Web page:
It's common to use a 1kΩ resistor in the base for a transistor when using it as a simple switch like you are. That would give you, for each transistor:

I=V/R = (5 - 0.6) / 1000 = 4.4mA

For all 8 outputs that's a paltry 35.2mA. Far below the total the chip can provide of 70mA.

If you care about current consumption (you're running from batteries, for instance) you may want to increase to 4.7kΩ resistors to reduce the total drive current down to 7.5mA.

  • Thank you for such an in-depth explanation. I'm trying to make sure I've wrapped my head around this. I'll try out some of your examples tomorrow. Will putting the ammeter across the resistor give me the correct current?
    – Don
    Apr 26, 2018 at 23:58
  • 2
    Ammeters go in series with the connection, not parallel.
    – Majenko
    Apr 27, 2018 at 0:00
  • So in terms of calculating the voltage and current, I treat the pin as a 5V DC source?
    – Don
    Apr 27, 2018 at 8:51
  • 1
    Well, that's what it it...
    – Majenko
    Apr 27, 2018 at 8:52
  • Thanks again for the great explanation. Tried it out with some 2K and 5K resistors (making sure to put the meter in SERIES for current measurements this time), checking against the math, and I see what you're saying. :D
    – Don
    Apr 27, 2018 at 13:22

You are making the design more complicated than it needs to be. Use a WS2803 chip, it has 18 outputs, 0-255 PWM level programmable for each output. Got more LEDs? Use more chips. http://da-share.com/files/datasheets/WS2803.pdf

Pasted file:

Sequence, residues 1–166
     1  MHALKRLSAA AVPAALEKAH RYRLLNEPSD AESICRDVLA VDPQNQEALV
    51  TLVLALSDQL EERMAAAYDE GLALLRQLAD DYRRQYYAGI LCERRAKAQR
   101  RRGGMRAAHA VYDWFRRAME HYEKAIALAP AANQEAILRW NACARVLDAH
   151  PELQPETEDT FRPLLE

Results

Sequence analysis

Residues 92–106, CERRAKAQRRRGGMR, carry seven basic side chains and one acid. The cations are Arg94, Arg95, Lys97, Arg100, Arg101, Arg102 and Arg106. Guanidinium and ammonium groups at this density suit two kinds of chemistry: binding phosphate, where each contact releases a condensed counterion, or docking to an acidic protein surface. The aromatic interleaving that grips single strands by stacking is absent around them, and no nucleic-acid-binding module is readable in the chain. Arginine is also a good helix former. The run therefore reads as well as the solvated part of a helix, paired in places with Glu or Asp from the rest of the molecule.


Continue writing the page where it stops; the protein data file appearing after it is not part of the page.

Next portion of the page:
Or use WS2812B RGB LEDs, easy to wire up in a daisychain. SMD typically, and Sparkfun carries 2 thru hole variants also.

  • 1
    Thanks for the tip, but I'm aware that this isn't the optimal or easy way to do this. I've actually already ordered some PWM expansion chips (TLC5940), but they haven't arrived yet, and won't for about a month. So I'm trying to figure out how to do it with what I have on hand, and what I have on hand is a dozen or so 595s. Besides, I'm learning more this way. :D
    – Don
    Apr 27, 2018 at 13:40
  • Where did you order from? Digikey.com or Mouser.com would have had them to you in under a week in the US.
    – CrossRoads
    Apr 27, 2018 at 14:36
  • Chinese crap off ebay. I know, "boo, hiss". And I know there's a good chance of them not being authentic or good quality, but I'm just tinkering around on my kitchen table here, so... Also, I am not in the U.S.
    – Don
    Apr 27, 2018 at 15:52